About Delaware BioScience Association: The Delaware BioScience Association is a non-profit trade association that serves members with programs and initiatives focused on encouraging the growth of Delaware’s bioscience industry and supporting the leadership position of scientific research in the State. Delaware Bio supports collaborative initiatives focused on bioscience growth in the region. For more information visit: www.delawarebio.org.
About the Greater Philadelphia Life Sciences Congress : The Greater Philadelphia Life Sciences Congress (GPLSC), a division of the Philadelphia Convention & Visitors Bureau (PCVB), connects the tri-state’s (Pennsylvania, New Jersey and Delaware) life sciences leaders representing medical, biotechnology, pharmaceutical, higher education, research, venture capital, and the health care industries to collaborate and brand the Philadelphia region as “America’s Life Sciences Meetings Destination.” GPLSC assists with identifying professional life sciences societies, associations and meeting planners, influencing the meeting destination decision process, delivering an exceptional convention experience, and connecting attendees with the unique attractions and assets of Philadelphia.
About the Milken Institute: The Milken Institute is a nonprofit, independent economic think tank whose mission is to improve the lives and economic conditions of diverse populations around the world by helping business and public policy leaders identify and implement innovative ideas for creating broad-based prosperity. It is based in Santa Monica, Calif. (www.milkeninstitute.org)
About Pennsylvania Bio: Pennsylvania Bio is a catalyst to ensure Pennsylvania is a global leader in the biosciences through a cohesive community that unites the region’s biotechnology, pharmaceutical, research and financial strengths. For more information, visit www.pennsylvaniabio.org.
About the Pharmaceutical Research and Manufacturers of America (PhRMA): The Pharmaceutical Research and Manufactures of America (PhRMA) represents the country’s leading pharmaceutical research and biotechnology companies, which are devoted to inventing medicines that allow patients to live longer, healthier, and more productive lives. PhRMA companies are leading the way in the search for new cures. PhRMA members alone invested an estimated $50.3 billion in 2008 in discovering and developing new medicines. Industry-wide research and investment reached a record $65.2 billion in 2008.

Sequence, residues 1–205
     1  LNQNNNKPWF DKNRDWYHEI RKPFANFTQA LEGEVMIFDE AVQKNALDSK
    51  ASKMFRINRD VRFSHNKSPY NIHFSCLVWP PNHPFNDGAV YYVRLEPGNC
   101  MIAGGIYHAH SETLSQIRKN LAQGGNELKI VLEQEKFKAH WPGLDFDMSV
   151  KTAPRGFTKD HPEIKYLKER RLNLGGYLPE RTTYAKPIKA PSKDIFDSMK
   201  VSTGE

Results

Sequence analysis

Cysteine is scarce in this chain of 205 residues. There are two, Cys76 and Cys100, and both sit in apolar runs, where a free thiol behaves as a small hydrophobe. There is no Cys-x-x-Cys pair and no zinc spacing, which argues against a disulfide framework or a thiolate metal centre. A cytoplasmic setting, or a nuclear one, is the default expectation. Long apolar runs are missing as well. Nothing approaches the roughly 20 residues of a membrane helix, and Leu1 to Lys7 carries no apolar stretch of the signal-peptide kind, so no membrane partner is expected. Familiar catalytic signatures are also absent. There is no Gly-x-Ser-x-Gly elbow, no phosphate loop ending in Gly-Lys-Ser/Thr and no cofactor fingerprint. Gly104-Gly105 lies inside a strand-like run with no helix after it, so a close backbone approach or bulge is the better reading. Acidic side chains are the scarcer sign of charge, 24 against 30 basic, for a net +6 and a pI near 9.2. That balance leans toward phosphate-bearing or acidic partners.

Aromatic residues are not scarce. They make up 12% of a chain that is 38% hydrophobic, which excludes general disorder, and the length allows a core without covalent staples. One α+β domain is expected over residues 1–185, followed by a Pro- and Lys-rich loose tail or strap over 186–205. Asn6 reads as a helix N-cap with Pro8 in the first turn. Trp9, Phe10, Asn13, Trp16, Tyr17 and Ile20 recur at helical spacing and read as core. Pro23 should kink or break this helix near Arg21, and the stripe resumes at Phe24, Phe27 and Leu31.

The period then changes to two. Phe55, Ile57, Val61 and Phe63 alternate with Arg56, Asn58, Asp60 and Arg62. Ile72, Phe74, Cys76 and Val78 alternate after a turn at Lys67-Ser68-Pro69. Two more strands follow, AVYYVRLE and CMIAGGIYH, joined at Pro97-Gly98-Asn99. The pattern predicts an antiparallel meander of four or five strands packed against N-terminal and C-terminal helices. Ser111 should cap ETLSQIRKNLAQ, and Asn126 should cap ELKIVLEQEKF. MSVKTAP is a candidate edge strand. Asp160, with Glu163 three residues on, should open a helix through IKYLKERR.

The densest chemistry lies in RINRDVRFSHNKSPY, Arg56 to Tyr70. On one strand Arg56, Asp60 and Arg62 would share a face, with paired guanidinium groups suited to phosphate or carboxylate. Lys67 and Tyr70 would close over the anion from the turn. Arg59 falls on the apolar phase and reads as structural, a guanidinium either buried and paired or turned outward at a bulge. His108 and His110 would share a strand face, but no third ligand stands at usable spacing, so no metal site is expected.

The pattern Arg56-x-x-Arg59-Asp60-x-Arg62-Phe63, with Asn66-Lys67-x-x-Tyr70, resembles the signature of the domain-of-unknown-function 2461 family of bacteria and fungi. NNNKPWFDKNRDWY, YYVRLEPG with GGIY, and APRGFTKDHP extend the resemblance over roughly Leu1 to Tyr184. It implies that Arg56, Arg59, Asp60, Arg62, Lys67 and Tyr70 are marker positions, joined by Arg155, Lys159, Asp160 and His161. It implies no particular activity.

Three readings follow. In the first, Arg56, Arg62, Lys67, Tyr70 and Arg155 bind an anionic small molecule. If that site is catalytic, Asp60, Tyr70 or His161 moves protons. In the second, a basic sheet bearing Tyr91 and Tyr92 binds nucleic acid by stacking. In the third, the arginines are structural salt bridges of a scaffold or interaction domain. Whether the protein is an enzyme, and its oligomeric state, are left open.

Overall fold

About PricewaterhouseCoopers: PricewaterhouseCoopers (www.pwc.com) provides industry-focused assurance, tax, and advisory services to build public trust and enhance value for its clients and their stakeholders. More than 155,000 people in 153 countries across our network share their thinking, experience and solutions to develop fresh perspectives and practical advice.
About Select Greater Philadelphia: Select Greater Philadelphia (Select) is an economic development marketing organization dedicated to attracting companies to the Greater Philadelphia region. Select assists companies interested in the vicinity by providing detailed information about the 11-county area and a one-stop connection to numerous resources that help companies make informed decisions about locating to the region. Through global marketing efforts, Select works to promote the region’s key assets to help build the area’s economy. The Greater Philadelphia region encompasses northern Delaware, southern New Jersey and southeastern Pennsylvania. Select is a private, non-profit organization and an affiliate of the Greater Philadelphia Chamber of Commerce. For more information, visit www.selectgreaterphiladelphia.com or call 215-790-3777.